Before Gloria Estefan and the Miami sound machine took the world by storm, raising international awareness of latin rhythms, several other latin divas were making names for themselves and drawing attention to the contributions of latin artists.
Adding their voices to the latin-infused dance music that was smoldering in the nightclubs of florida—and eventually spread throughout the country—women such as martika, brenda k. starr, safire, nayobe, the covergirls, Jeanette jurado (of exposé) and lisa lisa helped to spark an interest in latin rhythms that would give rise to powerhouse divas from estefan to selena.
In spite of the fact that lisa lisa is the voice behind some of the 1980s’ most memorable songs, surprisingly little is known about the puerto rican native of new york’s hell’s kitchen who would one day rule the world of latin hip-hop and dance music. born lisa velez, it is said that lisa lisa is one of ten children who were raised by a single mother in manhattan’s most well-known latin burrough. also a subject of conjecture is the age at which she met legendary producers full force (with reports ranging from sixteen to twenty). not a matter of speculation, however, is the success that full force had already achieved with artists such as utfo (who recorded one of rap’s most famous songs, “roxanne, roxanne”) and the real roxanne (one of many rap divas who recorded a response to the inflammatory original).
As the front woman for full force’s cult jam, lisa lisa enjoyed a string of chart-topping songs, beginning with “i wonder if i take you home”. released by full force productions, “i wonder if i take you home” created enough of a stir to secure the group a recording contract with columbia records. their debut album, lisa lisa & cult jam with full force, built upon the success of “i wonder if i take you home” with the ballad “all cried out”. covered by r&b girl group allure in 1997, “all cried out” earned lisa lisa & cult jam their second charting single and catapulted the album to platinum status. released in 1987, their sophomore release, spanish fly, also achieved platinum sales with singles such as “head to toe” and “lost emotion” keeping cult jam on the charts and making lisa lisa an international star.
Another two-year recording gap resulted in the release of straight to the sky which featured a decidedly more r&b feel, while still maintaining the funky beats for which cult jam and full force were famous. in 1991, the group released their final album together, ending a six-year run as one of the world’s most successful hip-hop/dance outfits. entitled straight outta hell’s kitchen,lisa lisa & cult jam’s swan song is one of their most consistent efforts ever. with production credits split equally between full force and then-up-and-coming production duo robert clivilles and david cole, songs like “let the beat hit ’em”, “let the music play” and “love will get us by” offered the dancefloor-ready tracks which fans had come to expect. straight outta hell’s kitchenpays homage to lisa lisa’s neighborhood through its title, while demonstrating her range as a vocalist through its material. though not a vocal dynamite, lisa lisa more than holds her own within her genre, while bringing emotional realism to slower songs, such as “where were you when i needed you” and “don’t say goodbye”. it was this same “every girl” quality that made a hit of “all cried out” several years before. “you + me = love” and “sensuality” exhibited yet another—more sensual—side of lisa lisa and, through the former’s rap interlude, foreshadowed a inclination towards experimentation that would not full manifest itself for another three years.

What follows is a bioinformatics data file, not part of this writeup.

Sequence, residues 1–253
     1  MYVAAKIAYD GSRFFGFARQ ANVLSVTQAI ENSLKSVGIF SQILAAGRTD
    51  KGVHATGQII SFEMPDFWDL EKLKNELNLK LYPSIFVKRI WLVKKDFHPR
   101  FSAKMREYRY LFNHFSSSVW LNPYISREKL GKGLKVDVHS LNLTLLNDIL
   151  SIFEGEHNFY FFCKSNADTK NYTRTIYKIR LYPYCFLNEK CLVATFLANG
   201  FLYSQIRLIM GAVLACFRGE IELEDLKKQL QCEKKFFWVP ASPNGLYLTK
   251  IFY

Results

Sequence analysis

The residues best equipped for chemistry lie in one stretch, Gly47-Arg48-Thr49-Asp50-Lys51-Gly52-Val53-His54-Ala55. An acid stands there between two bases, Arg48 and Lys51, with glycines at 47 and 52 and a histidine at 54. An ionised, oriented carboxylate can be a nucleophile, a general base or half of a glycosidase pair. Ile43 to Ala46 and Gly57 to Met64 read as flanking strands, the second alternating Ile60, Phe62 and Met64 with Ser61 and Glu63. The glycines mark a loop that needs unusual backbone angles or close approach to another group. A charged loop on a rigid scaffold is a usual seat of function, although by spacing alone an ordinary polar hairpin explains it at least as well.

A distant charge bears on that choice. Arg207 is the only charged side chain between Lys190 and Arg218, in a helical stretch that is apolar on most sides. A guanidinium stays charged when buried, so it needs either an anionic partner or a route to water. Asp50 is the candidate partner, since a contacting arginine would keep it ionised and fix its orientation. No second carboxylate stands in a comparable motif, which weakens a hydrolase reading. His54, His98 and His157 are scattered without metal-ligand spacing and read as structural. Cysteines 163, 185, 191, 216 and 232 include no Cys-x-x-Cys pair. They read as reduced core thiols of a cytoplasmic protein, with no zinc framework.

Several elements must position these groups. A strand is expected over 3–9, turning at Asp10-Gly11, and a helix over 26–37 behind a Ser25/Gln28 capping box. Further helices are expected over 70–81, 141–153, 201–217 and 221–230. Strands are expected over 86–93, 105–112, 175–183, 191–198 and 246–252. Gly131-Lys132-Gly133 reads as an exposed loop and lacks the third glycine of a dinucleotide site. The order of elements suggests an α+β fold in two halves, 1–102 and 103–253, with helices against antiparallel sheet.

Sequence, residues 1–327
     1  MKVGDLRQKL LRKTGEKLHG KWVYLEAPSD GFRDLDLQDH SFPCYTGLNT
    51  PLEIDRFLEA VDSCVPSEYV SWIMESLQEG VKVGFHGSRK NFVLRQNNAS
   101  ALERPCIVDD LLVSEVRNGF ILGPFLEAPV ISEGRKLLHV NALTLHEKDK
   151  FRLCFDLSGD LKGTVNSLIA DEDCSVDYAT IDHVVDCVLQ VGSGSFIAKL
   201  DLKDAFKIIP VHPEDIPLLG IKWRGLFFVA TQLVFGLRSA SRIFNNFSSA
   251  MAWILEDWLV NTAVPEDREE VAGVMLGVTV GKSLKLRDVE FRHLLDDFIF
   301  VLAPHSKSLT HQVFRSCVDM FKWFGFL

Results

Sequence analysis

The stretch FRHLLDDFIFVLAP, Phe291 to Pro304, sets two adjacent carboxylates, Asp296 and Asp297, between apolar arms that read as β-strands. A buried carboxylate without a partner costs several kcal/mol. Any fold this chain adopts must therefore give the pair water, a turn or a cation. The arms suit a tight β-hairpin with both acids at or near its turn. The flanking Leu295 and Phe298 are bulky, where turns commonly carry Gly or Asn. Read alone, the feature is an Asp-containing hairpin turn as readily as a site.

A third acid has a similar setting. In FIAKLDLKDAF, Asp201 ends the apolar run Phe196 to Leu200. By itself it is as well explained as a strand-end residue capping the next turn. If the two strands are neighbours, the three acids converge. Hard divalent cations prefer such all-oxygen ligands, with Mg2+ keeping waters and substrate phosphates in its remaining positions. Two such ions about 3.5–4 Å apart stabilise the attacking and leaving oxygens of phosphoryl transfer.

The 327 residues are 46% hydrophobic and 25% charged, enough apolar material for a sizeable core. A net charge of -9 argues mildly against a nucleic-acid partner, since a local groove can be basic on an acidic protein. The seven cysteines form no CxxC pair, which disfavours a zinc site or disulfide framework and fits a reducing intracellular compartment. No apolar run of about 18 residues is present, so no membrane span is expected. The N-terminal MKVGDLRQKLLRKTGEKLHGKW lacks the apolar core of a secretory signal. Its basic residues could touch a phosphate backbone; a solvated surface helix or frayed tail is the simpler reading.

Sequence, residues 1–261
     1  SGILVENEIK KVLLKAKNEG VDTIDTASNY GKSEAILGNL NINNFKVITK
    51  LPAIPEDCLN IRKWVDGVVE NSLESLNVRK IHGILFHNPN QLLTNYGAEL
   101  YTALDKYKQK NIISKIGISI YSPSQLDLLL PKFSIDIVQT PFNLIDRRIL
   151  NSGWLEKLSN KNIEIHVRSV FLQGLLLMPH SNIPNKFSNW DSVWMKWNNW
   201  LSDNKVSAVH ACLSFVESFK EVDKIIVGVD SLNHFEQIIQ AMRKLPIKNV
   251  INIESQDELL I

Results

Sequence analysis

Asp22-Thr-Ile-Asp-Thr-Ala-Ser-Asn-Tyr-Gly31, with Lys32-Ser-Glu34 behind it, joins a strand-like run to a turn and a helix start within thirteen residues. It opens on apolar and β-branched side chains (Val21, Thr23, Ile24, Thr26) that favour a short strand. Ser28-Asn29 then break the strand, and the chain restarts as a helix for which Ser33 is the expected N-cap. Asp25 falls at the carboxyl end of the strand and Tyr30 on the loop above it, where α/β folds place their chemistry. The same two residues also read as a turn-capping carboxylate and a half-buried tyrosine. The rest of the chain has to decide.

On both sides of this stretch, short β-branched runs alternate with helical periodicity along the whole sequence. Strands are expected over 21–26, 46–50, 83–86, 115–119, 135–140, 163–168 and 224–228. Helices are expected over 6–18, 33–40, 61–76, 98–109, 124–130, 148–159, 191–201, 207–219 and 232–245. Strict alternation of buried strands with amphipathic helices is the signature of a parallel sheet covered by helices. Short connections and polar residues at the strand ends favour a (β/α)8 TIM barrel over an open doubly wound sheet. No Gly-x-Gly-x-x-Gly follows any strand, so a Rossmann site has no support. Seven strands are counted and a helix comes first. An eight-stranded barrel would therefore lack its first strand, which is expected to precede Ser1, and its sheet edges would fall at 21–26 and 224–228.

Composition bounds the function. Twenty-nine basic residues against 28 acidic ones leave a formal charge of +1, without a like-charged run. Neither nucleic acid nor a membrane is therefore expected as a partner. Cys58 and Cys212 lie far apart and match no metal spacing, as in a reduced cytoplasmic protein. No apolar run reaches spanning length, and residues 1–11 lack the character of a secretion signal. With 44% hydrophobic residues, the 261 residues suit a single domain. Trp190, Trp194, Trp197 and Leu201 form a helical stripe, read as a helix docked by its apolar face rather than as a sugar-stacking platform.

Having relinquished her position as vocalist for cult jam, lisa lisa was left to her own devices, a prospect that frightened her some. “someone said it was all over for me,” she explained in lucy o’brien’s she bop, “i cried. but then you wipe your eyes, walk out there and figure how to kick those people in the ass. i had been a little girl with two guys at the side and six producer up her ass. it was time for lisa to come out on her own and grow up.” and grow up she did. in 1994, lisa lisa returned with her first solo effort, LL77 a more sensual and less dance-oriented production than her collaborations with cult jam and full force. LL77‘s singles—”when i fell in love” and “skip to my lu”—barely scratched the surface of the playfully veiled sensuality of tracks such as “covers” and “acid rain”. again paying homage to her roots, both “when i fell in love” and “why can’t lovers” were recorded in both english and spanish. collaborating with one of dance music’s most famous djs, junior vasquez, and r&b ingénue turned space-age rock diva, nona hendryx, LL77 boasts an edgy, rock influence complete with electric guitars and self-assured, raucous lyrics.
Though lisa lisa has not released a follow-up to her debut solo project, she is neither inactive nor forgotten. as a participant in the 1999 billboard magazine dance music conference in new york, lisa lisa assumes the mantel of dance music authority and legend. as one of the first latin divas to gain international notoriety performing english language material in the rock era, lisa lisa is truly a marvel. by incorporating elements of rap, hip-hop, dance and pop into her own personal musical landscape as a puerto rican resident one of new york’s toughest ghettos, she has achieved what many have only attempted. while her many chart-topping singles have earned her a permanent place within the lexicon of american music, it is her frankness, pride and beauty that mark her a diva.